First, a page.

Président de la Commission de l’Union Africaine (depuis le 1er. février 2008)
In announcing the election of Prof. Wiseman Nkuhlu as president of the International Organisation of Employers in last week’s Dialogue, we referred to him as the chairman of the NEPAD Steering Committee. He is not the chairman. He represents South Africa on the Steering Committee. Our apologies to the chairman and to the professor. Source : NEPAD, june 6, 2008
The South African Government through the Department of Environmental Affairs and Tourism is hosting the 12th session of the African Ministerial Conference on the Environment (AMCEN) in Johannesburg from 6-12 June 2008. The main objective of the session is to provide a platform for the Environment Ministers to review the progress being made with the NEPAD Environment Action Plan.
Key items on the agenda are the emerging environmental challenges, particularly issues related to climate change.
A civil society workshop is being held at the start of the week-long discussions to act as an advocacy platform to influence the Environmental Ministers and to enable civil society organisations and other stakeholders to understand and engage in the climate change process in the context of NEPAD and the African Union (AU).
The intention is to build on current civil society engagement with the AU process and to ensure the broader voice of communities in Africa reach the AU. Source : NEPAD, june 6, 2008
Thirty African countries are now preparing operations with finance from the Strategic Investment Programme (SIP) to scale-up their sustainable land management practices under the NEPAD Comprehensive Africa Agriculture Development Programme (CAADP) and Environment Action Plan (EAP) in support of the United Nations Convention to Combat Desertification (UNCCD).
The Global Environmental Facility (GEF) Council in June 2007 approved an innovative $150 million grant under the four-year Strategic Investment Programme to support the scaling up of sustainable land management (SLM) practices in Africa.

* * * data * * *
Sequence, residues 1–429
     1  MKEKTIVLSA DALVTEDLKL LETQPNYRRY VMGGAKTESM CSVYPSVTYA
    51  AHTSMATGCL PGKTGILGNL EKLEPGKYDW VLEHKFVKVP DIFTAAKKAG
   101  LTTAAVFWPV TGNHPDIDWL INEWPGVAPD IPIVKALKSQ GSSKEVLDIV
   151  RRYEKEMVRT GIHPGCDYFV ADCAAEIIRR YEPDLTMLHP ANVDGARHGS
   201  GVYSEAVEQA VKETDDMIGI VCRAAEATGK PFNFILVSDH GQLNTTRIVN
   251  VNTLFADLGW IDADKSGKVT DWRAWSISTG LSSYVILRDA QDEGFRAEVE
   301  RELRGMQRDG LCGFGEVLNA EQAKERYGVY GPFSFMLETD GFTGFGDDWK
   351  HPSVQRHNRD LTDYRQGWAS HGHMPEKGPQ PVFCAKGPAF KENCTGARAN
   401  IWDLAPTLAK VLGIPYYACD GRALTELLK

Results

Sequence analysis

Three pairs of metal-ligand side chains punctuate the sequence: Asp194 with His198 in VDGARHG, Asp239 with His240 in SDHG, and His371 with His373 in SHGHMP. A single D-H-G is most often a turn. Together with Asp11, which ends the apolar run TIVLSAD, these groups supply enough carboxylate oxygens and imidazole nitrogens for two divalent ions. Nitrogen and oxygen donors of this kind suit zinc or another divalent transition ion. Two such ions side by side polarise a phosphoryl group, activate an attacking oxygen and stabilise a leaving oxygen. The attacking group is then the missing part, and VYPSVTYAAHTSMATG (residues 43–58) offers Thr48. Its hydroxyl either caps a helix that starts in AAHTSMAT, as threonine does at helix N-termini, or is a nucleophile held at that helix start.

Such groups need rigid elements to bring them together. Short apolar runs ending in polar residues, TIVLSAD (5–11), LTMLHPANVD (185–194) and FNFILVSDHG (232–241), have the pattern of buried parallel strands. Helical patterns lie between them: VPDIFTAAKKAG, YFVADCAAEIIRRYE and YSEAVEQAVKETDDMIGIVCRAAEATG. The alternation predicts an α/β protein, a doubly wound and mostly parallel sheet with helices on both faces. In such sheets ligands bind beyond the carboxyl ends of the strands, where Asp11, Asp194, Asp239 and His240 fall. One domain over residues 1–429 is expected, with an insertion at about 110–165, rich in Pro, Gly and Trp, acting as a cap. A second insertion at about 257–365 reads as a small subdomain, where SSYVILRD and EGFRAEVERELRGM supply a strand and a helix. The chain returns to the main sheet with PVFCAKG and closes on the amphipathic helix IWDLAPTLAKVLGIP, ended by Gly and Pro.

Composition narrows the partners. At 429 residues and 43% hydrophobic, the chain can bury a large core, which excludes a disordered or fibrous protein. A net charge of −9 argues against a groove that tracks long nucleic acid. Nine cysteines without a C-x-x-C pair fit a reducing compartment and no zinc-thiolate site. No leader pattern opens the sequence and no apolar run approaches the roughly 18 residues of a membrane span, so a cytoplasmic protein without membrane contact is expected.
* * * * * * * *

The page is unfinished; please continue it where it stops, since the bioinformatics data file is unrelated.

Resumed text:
The Strategic Investment Programme was developed through an extensive and inclusive consultation process led by NEPAD and is a key part of the work programme of the TerrAfrica partnership.
The 30 African countries now preparing their discrete operations are working in collaboration with supporting TerrAfrica agencies — AfDB, FAO, IFAD, UNDP, UNEP, and the World Bank. Other TerrAfrica partners include UNCCD’s Secretariat and Global Mechanism, bilateral donors, civil society, and African governments.
Partners have committed to a 1 to 4 leveraging ratio for use of SIP resources. The SIP’s portfolio has exceeded this minimum ratio, already bringing in commitments of nearly a billion US dollars in leveraged resources.
Implementation of the SIP is guided by key partnership principles consistent with the underlying NEPAD principles. All SIP operations have been initiated via the existing regular country dialogues between countries and their multilateral partners that implement GEF-supported operations. The preparation of these operations is following a country-led process aligned with CAADP and EAP priorities.
Under the SIP, there are now 41 operations covering 30 countries. In many cases, the GEF-SIP support enables countries to develop programme-based approaches to SLM, often by applying a tool developed by TerrAfrica called the ”Country SLM Investment Framework.”
This tool provides the overall framework for designing and implementing investment programmes to scale up SLM over the long term.
NEPAD, in close liaison with the Regional Economic Communities (RECs) and the concerned TerrAfrica partners or development agencies, is backstopping and facilitating expert input in country processes.
The SIP also supports a number of regional or multi-country operations including the institutional capacity-building operation under the coordination of the NEPAD Secretariat.